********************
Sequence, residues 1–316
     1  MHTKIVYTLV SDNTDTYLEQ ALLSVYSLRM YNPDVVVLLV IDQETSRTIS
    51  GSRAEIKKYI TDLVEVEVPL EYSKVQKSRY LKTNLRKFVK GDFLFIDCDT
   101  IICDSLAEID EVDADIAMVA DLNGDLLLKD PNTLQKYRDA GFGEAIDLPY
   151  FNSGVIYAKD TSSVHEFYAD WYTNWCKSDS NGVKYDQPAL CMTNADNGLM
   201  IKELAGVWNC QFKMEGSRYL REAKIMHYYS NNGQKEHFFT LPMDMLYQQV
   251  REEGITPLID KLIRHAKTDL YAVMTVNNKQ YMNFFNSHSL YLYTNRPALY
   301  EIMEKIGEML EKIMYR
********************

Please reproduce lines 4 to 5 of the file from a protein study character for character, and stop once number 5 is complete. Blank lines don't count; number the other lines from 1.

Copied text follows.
   101  IICDSLAEID EVDADIAMVA DLNGDLLLKD PNTLQKYRDA GFGEAIDLPY
   151  FNSGVIYAKD TSSVHEFYAD WYTNWCKSDS NGVKYDQPAL CMTNADNGLM